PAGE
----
Children Love The Okavango!
Children love the Okavango! The vibrancy, the freedom, the obvious rawness of the natural environment throbbing with life is very often closer to the child-state than it is to adulthood. The view that ‘they’re still too young to appreciate it’ could not be further from the truth. We believe it especially important, in this day and age, that kids have access to the natural world, and to be in an environment in which they are forced to direct their attention to the wider world, and away from hand-held electronic devices and computer screens – to stretch their eyes to the distance, to experience smells other than fried fumes and fumes, to experience the heightened sense of awareness that comes with the knowledge of life and death around you, to let their imaginations take wing, to consider possibilities unconsidered. And we love children. African societies place enormous store in children as a measure of the future’s possibilities, and our guides are no exception. They revel in the readiness of children to embrace new experiences and to learn, and they revel in the opportunity to be a conduit of knowledge. Our policy at Delta Camp and Oddballs’ of having a maximum of two guests per guide affords unrivalled opportunities for families and children to interact with the fantastical, very real world we live in and love. Bring them on!
Super Flood 2010
Living in the Okavango one accepts the vagaries of nature – if one were not prepared to do so this would not be the place to live. As challenging as it is not to be able to control one’s environment, it is also a pleasure and an increasingly rare privilege to live close to nature, to experience her whims and her cycles of renewal and regeneration and, of course, the death and decay that precede them. Living close to the earth is nourishment for the soul.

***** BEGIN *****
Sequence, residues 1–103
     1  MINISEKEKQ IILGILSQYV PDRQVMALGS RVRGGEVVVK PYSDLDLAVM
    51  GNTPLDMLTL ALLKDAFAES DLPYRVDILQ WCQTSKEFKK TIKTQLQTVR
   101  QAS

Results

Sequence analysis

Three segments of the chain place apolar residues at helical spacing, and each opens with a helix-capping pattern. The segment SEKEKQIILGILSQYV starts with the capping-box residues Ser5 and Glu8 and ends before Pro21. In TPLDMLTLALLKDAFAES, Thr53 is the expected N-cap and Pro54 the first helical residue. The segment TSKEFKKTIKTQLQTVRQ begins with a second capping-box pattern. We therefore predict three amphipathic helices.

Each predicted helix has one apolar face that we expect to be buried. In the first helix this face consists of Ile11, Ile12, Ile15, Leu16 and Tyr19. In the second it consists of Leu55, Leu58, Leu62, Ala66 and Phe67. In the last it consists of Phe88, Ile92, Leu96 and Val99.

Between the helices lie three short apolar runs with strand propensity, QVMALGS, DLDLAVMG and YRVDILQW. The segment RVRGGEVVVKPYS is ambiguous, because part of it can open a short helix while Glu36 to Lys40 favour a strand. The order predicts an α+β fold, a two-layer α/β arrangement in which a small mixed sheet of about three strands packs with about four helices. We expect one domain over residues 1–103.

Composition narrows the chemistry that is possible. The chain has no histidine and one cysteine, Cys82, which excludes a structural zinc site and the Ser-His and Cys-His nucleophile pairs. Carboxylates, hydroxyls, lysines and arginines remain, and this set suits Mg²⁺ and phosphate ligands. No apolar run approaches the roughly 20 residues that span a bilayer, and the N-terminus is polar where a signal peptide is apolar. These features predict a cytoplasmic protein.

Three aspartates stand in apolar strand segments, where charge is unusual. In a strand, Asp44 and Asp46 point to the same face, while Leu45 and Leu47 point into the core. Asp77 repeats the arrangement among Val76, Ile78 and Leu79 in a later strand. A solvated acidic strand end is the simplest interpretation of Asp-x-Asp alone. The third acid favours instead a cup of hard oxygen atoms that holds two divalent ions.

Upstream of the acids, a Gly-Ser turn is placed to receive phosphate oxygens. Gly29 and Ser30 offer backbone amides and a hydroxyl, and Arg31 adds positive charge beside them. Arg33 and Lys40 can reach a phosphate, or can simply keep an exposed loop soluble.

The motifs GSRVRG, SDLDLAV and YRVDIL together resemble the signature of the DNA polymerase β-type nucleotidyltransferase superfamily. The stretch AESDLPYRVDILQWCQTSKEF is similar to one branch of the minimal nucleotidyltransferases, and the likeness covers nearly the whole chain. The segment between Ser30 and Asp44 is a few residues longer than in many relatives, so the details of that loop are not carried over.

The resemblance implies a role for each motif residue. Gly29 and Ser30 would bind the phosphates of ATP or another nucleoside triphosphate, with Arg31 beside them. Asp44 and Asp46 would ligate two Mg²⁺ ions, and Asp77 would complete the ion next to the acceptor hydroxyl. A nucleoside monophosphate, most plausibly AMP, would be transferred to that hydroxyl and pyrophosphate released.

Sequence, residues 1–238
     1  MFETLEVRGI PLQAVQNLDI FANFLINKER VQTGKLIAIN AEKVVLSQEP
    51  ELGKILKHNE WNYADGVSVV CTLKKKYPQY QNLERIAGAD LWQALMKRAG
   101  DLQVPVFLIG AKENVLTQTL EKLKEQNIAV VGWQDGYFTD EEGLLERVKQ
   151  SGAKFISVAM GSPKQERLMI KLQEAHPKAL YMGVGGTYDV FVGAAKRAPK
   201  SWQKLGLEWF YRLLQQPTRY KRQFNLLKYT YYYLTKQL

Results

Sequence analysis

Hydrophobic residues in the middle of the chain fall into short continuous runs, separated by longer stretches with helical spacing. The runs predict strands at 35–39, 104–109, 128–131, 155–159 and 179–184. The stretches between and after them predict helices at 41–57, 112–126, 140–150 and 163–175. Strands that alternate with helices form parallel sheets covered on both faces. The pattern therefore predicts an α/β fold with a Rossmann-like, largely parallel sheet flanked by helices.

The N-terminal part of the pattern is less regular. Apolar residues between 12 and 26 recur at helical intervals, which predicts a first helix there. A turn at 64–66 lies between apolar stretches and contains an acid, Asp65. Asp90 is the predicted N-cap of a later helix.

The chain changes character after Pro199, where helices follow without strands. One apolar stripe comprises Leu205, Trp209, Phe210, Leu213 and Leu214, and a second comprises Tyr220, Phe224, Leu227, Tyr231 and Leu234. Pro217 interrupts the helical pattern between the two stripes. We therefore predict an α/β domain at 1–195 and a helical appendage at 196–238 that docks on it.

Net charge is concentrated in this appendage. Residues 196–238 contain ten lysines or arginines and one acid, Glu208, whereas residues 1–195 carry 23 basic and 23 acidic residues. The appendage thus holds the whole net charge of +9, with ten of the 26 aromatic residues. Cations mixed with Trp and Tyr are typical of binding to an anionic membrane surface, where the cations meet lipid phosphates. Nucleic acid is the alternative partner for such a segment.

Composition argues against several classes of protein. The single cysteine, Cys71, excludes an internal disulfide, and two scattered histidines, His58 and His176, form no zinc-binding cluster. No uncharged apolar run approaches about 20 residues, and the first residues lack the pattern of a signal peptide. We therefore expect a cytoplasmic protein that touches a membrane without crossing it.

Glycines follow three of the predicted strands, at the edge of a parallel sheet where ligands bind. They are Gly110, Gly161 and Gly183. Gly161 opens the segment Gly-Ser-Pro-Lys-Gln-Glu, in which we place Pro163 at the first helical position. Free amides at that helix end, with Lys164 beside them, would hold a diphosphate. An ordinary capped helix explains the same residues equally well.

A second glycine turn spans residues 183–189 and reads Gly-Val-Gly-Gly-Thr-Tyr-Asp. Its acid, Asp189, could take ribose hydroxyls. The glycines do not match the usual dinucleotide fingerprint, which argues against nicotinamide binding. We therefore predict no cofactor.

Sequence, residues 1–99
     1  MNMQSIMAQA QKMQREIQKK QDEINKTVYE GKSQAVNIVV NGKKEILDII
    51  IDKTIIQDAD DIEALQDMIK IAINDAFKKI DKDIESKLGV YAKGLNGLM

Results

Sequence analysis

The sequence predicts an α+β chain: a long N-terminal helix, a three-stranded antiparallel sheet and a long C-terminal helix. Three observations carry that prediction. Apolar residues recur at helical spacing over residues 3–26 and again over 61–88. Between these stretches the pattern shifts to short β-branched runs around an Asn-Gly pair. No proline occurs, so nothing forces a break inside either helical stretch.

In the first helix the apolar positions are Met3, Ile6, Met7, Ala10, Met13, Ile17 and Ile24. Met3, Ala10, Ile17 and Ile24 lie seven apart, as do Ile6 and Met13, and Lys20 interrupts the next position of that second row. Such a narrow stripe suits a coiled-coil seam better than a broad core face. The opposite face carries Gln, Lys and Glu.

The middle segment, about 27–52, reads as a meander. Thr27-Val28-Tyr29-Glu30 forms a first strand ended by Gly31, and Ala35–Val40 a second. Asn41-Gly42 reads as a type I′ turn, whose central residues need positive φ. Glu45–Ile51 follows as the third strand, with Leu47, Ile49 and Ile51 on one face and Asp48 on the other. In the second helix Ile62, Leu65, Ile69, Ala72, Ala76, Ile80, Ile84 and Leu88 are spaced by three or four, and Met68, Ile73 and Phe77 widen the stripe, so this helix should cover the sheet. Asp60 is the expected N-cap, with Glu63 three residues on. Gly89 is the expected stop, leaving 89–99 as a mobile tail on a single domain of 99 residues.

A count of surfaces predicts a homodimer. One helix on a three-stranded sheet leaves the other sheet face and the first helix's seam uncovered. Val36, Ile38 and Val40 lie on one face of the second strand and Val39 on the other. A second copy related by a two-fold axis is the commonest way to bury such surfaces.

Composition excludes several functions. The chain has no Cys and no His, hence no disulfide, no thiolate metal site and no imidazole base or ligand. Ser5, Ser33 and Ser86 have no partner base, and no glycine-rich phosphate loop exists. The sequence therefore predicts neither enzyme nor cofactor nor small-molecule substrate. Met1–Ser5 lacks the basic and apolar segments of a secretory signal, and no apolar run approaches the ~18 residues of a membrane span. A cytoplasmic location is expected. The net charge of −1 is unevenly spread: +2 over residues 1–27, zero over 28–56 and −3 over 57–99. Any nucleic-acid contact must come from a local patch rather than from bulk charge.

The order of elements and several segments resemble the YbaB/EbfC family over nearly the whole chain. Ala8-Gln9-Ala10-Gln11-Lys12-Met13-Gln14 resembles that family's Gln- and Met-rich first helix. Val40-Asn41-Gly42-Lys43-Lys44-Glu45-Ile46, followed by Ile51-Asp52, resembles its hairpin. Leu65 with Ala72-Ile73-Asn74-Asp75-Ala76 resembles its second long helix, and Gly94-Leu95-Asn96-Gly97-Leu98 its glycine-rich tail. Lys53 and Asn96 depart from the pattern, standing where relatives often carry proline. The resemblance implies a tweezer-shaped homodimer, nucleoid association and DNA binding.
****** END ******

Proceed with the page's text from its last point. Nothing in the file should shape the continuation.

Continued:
Inextricably linked to this existence are the seminal events – the once-in-a-lifetime occurrences that are a stark reminder that Mother Nature marches to her own drum. The world seems to have had a spate of these in recent years – earthquakes, tsunamis, volcanic eruptions that have challenged our belief in our ‘right’ to employ our technology as we see fit, lashing storms….and the great Okavango flood of 2010. We had a big on in 1984, but this is shaping up to be more like the flood of 1956, the flood that drowned Harry Riley and Harold de Kock, two of the Okavango’s pioneers, submerged the only bridge between Maun and the rest of the world, and caused mayhem to the few people that then lived here.
What is different today is that the Okavango plays host to an economically important tourism industry, and Maun has grown beyond all recognition into the commercial and administrative centre for the vast north west of Botswana. Airstrips that serve lodges are daily being submerged. Lodges themselves are becoming unusable and many houses in and around Maun are under threat. What is good news for the ecology is turning out to be bad news for the economy. I’m not convinced that this is not as it should be - a reality check in our modern world of acquisitiveness and ‘return’. I’ll show you a turn, and it’s in the weather. In fact maybe you should come here and see it for yourself. One vast oasis of crystal clear, uncontaminated water, fresh from the Angolan highlands, soaking into the Kalahari desert sands, pouring nutrients into arid soils, creating secure environments for all manner of living things, and taking the breath with its sheer beauty. The Okavango in flood, again and properly at last. It’s been a long wait.